Developed by its in-house team, the Guardian's new responsive site presents news to mobile devices in a clean, flexible format.
One of the world's most widely read newspaper websites, the Guardian attracts tens of millions of unique visitors each year. With that audience increasingly migrating to mobile and tablet, the newspaper's in-house team was tasked with rebuilding the site to improve user experience on mobile devices.
As well as making it easier for a mobile audience to discover a wider range of its content, a key objective of the new site was to better integrate display advertising and other commercial offers.
The new design can be seen in beta here. Below, the Guardian's team tells us about their workflow, about maximising performance on such a widely used site – and just what the hell 'swimlaning' means.
What are the challenges of responsive design on such a large scale?
The hardest thing we have found is changing our internal tooling. We've had to create new content-management tools that allow us to create flexible content that can be displayed across many devices.
Most importantly, we have created a shared vocabulary between designers and developers, including typographic scale, colour palettes and a module system. We call this Guss.
How has the information architecture of the site changed?
One of the first things we did was look at how we could simplify our information architecture. We saw from analysing user data that once a user gets to a certain point in their journey they stop using the navigation and instead navigate through content.
The old site had multiple levels of depth, and subsections would often have bespoke navigation that was out-of-date, cluttered and poorly used.
We've stripped back the navigation to two levels: primary and secondary. We also changed some of the groupings we use to categorise our content, which we validated with several card sorts.
This allows people to quickly orientate themselves to the main topic area they're interested in, and dive straight into content from there.
How did the content strategy evolve?
A key part of the strategy for the new site is better discoverability. We publish over 500 articles a day, and we want to make it easy for people to find them.
One of the things we're experimenting with at the moment is the idea of blended content. Rather than a traditional classification system, with homepage areas for news, sport, technology, culture and so on, we've been testing a 'people' zone and a 'reviews' zone which aggregate content from the whole of the Guardian.
Rather than pigeonholing content by how it was commissioned, blending frees it to appear anywhere. We're really excited about it.
What was your wireframing process?
One of the things we did right from the start on the project was to wireframe in HTML rather than using traditional UX software like Axure or OmniGraffle.
For a responsive design project, this has a number of benefits, the strongest being that you can immediately see how an idea will work in a browser and iterate from there. HTML wireframes are also incredibly easy to present and share with others.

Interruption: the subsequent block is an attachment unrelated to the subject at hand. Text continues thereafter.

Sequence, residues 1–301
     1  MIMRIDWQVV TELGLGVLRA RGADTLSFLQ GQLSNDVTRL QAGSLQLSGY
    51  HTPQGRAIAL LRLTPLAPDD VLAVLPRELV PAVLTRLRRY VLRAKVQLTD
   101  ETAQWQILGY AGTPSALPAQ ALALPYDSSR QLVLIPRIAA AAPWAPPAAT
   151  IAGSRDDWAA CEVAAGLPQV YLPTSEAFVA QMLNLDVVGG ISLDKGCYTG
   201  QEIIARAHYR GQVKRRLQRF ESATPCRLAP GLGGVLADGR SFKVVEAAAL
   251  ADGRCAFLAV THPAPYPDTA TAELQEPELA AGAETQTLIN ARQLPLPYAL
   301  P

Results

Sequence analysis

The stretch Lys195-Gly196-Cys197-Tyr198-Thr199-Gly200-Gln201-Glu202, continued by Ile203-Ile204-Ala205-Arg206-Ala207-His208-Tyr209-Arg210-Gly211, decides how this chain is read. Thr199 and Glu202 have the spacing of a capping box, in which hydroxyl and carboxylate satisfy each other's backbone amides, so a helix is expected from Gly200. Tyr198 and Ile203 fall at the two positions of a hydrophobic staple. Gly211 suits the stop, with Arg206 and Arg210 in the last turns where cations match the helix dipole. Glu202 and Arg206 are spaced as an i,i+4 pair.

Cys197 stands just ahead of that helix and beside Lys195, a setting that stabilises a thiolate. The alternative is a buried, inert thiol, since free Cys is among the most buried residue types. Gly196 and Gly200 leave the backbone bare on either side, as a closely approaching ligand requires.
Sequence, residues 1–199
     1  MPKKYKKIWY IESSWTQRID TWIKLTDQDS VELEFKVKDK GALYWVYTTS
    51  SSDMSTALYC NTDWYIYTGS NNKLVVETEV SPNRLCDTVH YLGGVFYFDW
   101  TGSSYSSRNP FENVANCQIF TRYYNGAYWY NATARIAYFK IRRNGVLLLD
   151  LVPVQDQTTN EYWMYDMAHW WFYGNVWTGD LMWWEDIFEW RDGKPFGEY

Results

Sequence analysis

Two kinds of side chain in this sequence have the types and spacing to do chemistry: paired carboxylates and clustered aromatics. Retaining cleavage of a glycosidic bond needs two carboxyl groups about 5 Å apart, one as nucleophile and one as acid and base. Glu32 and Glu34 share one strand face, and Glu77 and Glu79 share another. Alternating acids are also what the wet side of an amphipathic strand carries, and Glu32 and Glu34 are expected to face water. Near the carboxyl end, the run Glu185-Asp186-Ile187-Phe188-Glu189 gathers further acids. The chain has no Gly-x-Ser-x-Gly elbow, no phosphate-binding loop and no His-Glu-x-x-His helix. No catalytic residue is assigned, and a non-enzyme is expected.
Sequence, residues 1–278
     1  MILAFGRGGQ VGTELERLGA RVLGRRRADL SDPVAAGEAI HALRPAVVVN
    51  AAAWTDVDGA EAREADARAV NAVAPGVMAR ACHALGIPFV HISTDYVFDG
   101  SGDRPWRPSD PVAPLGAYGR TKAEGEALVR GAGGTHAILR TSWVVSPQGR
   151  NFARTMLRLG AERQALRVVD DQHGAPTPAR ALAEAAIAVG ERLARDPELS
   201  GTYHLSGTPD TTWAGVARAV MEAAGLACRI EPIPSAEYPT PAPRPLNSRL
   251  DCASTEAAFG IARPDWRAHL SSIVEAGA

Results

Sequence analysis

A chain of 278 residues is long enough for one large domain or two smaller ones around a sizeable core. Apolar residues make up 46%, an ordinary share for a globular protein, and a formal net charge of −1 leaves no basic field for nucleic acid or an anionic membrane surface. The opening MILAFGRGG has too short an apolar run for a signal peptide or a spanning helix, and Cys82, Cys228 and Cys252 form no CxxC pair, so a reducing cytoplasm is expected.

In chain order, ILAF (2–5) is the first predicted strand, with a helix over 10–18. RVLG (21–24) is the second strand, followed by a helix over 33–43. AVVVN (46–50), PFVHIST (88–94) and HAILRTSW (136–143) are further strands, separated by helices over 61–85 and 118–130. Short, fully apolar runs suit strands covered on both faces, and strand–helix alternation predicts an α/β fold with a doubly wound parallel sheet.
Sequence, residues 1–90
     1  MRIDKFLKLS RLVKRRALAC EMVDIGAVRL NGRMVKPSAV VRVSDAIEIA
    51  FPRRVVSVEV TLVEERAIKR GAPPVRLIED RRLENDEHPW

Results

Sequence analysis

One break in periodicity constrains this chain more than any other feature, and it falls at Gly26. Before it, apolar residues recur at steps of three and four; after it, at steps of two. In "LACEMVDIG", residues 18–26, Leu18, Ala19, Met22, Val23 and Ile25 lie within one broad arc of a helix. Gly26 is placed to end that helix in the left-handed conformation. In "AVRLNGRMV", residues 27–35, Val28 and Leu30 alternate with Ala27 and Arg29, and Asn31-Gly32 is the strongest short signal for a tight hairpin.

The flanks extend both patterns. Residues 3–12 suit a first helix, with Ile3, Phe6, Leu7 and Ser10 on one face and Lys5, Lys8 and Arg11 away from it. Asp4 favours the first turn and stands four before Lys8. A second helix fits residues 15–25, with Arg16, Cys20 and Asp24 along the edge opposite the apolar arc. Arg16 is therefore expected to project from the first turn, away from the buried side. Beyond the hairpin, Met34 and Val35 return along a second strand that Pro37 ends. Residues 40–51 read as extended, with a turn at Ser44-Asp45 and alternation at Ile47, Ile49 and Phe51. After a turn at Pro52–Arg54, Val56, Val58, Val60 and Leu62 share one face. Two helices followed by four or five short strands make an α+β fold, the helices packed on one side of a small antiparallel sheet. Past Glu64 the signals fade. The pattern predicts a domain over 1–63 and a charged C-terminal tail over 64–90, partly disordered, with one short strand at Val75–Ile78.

Rather than using annotations that no one ever reads to describe an interaction, it's right there on the page.
Give us an outline of your technology stack.
On the server side we're using the Scala flavour of the Play MVC framework to power the site. This is then hosted in production on Amazon's cloud computing ecosystem.
There has been a lot of talk of 'swimlaning' on the project. What is it?
One of the biggest lessons we have learnt from 15 years of software development at the Guardian is that large monolithic applications are a nightmare to maintain.
With that in mind we have spent the last three years separating our entire infrastructure into a service-orientated architecture. Our fantastic content API has meant that our frontend application never has to query a database and is purely responsible for rendering content.
We take this notion of separation one step further with swimlaning: decoupling parts of the rendering tier so that they can be hosted and updated independently.
For example, our articles are served via different servers to our galleries – so if our gallery server crashes and burns, access to articles won't be impeded.
What techniques have you used to maximise performance?
Latency is the biggest performance killer, especially on mobile. The easiest trick is to reduce HTTP requests and round trips. We do this by utilising the browser's localStorage, caching everything from web fonts to CSS in there.
In turn, this prevents requests on subsequent pages. We also inline our critical CSS into the initial HTML payload to trigger instant rendering. All of these techniques make the site more resilient to failure.
Was performance in the minds of the whole team, or just the developers?
Performance needs to be everyone's responsibility. To do this, we've had to educate our designers and product owners about the benefits.
Firstly, you must quantify the impact of speed on user engagement, and then invest in tools which can visualise the site's performance in real time. We have dashboards that are always visible to the team giving constant feedback so we know instantly if a change we shipped has slowed something down.
How often do you deploy updates?
We strive to continuously deliver change to our users, whilst developing and testing in the open. We now deploy to production on average four times a day, and have even been known to do so from an airport in Jersey – or even live on stage from conferences.
This article originally appeared in net magazine issue 254.